< Keith Cooper, Ph.D. – Deputy Director of Government Relations | EOHSI

Keith Cooper, Ph.D. – Deputy Director of Government Relations

Posted at 2:23 pm January 3, 2018, in Leadership

Professor
Rutgers University
School of Environmental and Biological Sciences
EOHSI – Toxicology

Lipman Hall, Cook Campus Room 218

76 Lipman Drive New Brunswick NJ 08901
Phone: 848-932-5614
Fax: 732-932-8965
 
 Biographical Info
  • B.S. (Biology), College of William and Mary, 1973
  • M.S. (Marine Biology), Texas A&M University, 1976
  • Ph.D. (Animal Pathology), University of Rhode Island, 1979
  • M.S. (Industrial Toxicology), Thomas Jefferson University, 1981

Research Areas

Xenobiotic metabolism in aquatic animals

Studies are currently examining the effects of endocrine disrupting compounds on finish and bivalve mollusks. The compounds of current interest include dioxin-like compounds and phthalates. The model systems used for these studies include the Japanese Medaka, winter flounder and the American oyster. The research on the finish involves the development of multigenerational studies examining the effects at multiple levels of organization from biochemical to population endpoints. The studies on the American oyster are examining the effects on gonadal development and larval development. Both food web and physiological based pharmacokinetic models are also being developed to better predict chemical movement both in the environment as well as within the organism of concern. The overall research in the laboratory is centered around comparative toxicology.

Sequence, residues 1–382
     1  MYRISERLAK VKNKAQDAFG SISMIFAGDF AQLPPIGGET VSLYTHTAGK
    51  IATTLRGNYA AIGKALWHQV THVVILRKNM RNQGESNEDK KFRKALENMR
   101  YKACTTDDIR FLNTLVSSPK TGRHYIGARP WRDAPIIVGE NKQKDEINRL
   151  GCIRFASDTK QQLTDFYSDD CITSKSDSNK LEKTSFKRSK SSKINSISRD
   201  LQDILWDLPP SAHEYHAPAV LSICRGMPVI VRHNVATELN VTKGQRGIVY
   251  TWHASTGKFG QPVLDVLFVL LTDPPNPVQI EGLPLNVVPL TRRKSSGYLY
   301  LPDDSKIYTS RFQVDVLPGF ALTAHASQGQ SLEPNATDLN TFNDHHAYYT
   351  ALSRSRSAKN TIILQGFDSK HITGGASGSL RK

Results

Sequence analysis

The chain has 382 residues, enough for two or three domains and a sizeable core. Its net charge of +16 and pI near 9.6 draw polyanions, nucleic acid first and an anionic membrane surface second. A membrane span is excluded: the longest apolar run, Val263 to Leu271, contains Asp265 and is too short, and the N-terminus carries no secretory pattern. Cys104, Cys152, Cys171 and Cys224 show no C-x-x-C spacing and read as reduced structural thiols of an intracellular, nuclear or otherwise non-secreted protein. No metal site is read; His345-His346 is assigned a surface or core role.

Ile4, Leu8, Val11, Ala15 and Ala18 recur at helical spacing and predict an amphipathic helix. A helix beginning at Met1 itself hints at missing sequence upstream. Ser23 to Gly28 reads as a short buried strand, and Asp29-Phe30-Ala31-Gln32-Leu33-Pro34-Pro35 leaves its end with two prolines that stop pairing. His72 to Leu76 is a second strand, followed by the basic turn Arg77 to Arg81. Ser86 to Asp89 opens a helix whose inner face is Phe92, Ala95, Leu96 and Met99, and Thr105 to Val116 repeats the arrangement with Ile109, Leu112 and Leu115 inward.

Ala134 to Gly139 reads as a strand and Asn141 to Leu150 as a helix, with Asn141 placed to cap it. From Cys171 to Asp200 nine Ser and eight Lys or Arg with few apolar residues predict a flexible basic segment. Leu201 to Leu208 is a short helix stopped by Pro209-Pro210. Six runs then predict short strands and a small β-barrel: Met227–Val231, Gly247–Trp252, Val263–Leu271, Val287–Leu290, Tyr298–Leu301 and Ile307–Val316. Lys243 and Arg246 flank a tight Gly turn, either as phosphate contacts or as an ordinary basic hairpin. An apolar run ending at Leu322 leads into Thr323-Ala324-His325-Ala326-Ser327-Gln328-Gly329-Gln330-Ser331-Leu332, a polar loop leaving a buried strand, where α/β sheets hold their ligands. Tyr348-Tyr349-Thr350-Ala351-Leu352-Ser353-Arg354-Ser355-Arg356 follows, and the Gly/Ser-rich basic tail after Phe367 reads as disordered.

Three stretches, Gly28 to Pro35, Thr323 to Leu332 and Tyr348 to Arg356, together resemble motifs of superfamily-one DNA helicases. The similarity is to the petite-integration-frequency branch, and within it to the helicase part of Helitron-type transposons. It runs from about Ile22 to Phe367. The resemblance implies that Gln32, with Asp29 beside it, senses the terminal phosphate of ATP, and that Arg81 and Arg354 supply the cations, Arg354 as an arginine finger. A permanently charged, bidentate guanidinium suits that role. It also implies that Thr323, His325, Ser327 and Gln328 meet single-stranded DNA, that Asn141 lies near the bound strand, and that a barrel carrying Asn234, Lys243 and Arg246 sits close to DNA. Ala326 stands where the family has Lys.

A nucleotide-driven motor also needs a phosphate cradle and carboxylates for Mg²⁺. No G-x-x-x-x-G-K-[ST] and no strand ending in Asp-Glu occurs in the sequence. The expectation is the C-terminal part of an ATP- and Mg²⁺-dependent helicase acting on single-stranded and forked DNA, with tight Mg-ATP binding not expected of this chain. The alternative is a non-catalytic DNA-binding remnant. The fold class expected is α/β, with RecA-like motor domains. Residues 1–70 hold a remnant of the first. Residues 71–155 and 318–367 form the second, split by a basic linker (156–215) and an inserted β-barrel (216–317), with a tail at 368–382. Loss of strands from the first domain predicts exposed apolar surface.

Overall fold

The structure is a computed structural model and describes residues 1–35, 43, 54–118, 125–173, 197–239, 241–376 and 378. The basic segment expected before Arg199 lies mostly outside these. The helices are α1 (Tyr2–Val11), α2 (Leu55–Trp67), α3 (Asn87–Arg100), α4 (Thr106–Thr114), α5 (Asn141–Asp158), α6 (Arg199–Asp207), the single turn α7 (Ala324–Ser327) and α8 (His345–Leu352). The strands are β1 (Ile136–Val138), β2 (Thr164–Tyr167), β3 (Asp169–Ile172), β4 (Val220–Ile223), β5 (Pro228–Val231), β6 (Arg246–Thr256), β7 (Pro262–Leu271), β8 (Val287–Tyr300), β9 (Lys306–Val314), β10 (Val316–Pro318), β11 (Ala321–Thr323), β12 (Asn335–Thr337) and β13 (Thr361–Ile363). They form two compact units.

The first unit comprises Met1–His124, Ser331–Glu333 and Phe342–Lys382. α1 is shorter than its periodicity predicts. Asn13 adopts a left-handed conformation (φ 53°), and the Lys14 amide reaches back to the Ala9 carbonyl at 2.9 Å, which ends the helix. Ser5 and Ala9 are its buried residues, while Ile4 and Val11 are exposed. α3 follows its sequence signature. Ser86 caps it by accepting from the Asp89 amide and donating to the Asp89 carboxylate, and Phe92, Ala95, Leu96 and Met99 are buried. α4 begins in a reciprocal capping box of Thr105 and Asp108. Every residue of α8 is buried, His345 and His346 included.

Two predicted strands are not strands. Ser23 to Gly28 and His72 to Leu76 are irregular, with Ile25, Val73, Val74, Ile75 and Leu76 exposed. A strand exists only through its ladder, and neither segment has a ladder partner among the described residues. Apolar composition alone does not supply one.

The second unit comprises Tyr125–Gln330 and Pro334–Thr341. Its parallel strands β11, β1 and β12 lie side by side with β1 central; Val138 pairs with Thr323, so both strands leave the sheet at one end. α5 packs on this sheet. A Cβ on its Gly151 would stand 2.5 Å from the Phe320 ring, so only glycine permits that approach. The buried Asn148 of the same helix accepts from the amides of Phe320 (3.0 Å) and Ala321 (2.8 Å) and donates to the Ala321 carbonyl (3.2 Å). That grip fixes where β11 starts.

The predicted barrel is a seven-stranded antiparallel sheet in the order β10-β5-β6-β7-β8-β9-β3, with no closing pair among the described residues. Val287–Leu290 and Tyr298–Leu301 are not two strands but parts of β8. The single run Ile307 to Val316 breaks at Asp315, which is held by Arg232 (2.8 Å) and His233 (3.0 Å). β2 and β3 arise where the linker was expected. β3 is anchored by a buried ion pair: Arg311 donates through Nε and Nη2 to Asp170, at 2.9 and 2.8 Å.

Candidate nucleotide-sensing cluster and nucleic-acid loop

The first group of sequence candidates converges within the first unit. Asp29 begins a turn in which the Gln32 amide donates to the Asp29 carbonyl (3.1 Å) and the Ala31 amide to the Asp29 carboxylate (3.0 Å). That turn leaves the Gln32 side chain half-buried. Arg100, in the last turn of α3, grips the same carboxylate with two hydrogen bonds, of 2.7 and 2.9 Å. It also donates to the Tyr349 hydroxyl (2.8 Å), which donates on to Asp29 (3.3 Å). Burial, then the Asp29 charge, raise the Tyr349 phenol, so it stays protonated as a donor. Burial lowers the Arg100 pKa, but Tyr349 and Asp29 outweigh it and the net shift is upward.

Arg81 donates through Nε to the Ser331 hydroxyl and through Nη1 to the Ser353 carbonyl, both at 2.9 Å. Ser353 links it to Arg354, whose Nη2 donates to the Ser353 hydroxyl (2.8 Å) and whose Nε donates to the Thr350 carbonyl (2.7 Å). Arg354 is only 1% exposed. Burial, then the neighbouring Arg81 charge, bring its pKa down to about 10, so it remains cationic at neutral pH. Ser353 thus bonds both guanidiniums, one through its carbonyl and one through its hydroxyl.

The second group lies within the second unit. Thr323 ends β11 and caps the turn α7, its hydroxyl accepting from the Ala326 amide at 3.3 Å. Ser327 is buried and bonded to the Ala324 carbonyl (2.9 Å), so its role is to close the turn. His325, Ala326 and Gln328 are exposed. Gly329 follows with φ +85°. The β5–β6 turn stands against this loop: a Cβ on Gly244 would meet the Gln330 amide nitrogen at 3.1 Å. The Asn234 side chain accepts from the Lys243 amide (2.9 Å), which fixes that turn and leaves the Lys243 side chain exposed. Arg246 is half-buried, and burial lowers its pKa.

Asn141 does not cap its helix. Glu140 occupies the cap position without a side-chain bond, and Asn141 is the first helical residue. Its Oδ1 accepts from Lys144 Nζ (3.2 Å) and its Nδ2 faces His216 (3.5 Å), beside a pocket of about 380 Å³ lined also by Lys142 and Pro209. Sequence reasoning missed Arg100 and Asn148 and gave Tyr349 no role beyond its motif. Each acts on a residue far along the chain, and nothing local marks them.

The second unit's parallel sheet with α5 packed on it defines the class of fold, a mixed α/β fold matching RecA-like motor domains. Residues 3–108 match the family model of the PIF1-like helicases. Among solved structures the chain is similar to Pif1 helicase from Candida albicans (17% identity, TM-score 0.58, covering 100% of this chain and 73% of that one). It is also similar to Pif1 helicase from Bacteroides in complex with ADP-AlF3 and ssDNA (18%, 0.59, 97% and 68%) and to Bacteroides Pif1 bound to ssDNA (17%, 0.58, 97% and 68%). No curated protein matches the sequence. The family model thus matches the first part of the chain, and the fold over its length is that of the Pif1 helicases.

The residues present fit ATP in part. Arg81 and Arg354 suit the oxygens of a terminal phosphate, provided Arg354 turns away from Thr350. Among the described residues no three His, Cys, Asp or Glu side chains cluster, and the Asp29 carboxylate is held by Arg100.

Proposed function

Research Highlights

  • Toxicity of bisphenol A and its derivatives in the zebrafish embryo model
  • Reproductive neurotoxicity of pyrethroid insecticides
  • Effects of 2,3,7,8-tetrachlorodibenzo-p-dioxin (2,3,7,8-TCDD) on gametogenesis

Recent Publications

  1. Post, GB, Gleason, JA, Cooper, KR. Key scientific issues in developing drinking water guidelines for perfluoroalkyl acids: Contaminants of emerging concern. PLoS Biol. 2017;15 (12):e2002855. doi: 10.1371/journal.pbio.2002855. PubMed PMID:29261653 PubMed Central PMC5737881
  2. Butler, JD, Parkerton, TF, Redman, AD, Letinski, DJ, Cooper, KR. Response to Comment on “Assessing Aromatic-Hydrocarbon Toxicity to Fish Early Life Stages Using Passive-Dosing Methods and Target-Lipid and Chemical-Activity Models”. Environ. Sci. Technol. 2017;51 (6):3586-3587. doi: 10.1021/acs.est.7b00384. PubMed PMID:28263567
  3. Jantzen, CE, Toor, F, Annunziato, KA, Cooper, KR. Effects of chronic perfluorooctanoic acid (PFOA) at low concentration on morphometrics, gene expression, and fecundity in zebrafish (Danio rerio). Reprod. Toxicol. 2017;69 :34-42. doi: 10.1016/j.reprotox.2017.01.009. PubMed PMID:28143724
  4. Jantzen, CE, Annunziato, KM, Cooper, KR. Behavioral, morphometric, and gene expression effects in adult zebrafish (Danio rerio) embryonically exposed to PFOA, PFOS, and PFNA. Aquat. Toxicol. 2016;180 :123-130. doi: 10.1016/j.aquatox.2016.09.011. PubMed PMID:27710860
  5. Butler, JD, Parkerton, TF, Redman, AD, Letinski, DJ, Cooper, KR. Assessing Aromatic-Hydrocarbon Toxicity to Fish Early Life Stages Using Passive-Dosing Methods and Target-Lipid and Chemical-Activity Models. Environ. Sci. Technol. 2016;50 (15):8305-15. doi: 10.1021/acs.est.6b01758. PubMed PMID:27398931
  6. Jantzen, CE, Annunziato, KA, Bugel, SM, Cooper, KR. PFOS, PFNA, and PFOA sub-lethal exposure to embryonic zebrafish have different toxicity profiles in terms of morphometrics, behavior and gene expression. Aquat. Toxicol. 2016;175 :160-70. doi: 10.1016/j.aquatox.2016.03.026. PubMed PMID:27058923 PubMed Central PMC5204304
  7. Bentivegna, CS, Cooper, KR, Olson, G, Pena, EA, Millemann, DR, Portier, RJ. Chemical and histological comparisons between Brevoortia sp. (menhaden) collected in fall 2010 from Barataria Bay, LA and Delaware Bay, NJ following the DeepWater Horizon (DWH) oil spill. Mar. Environ. Res. 2015;112 (Pt A):21-34. doi: 10.1016/j.marenvres.2015.08.011. PubMed PMID:26385175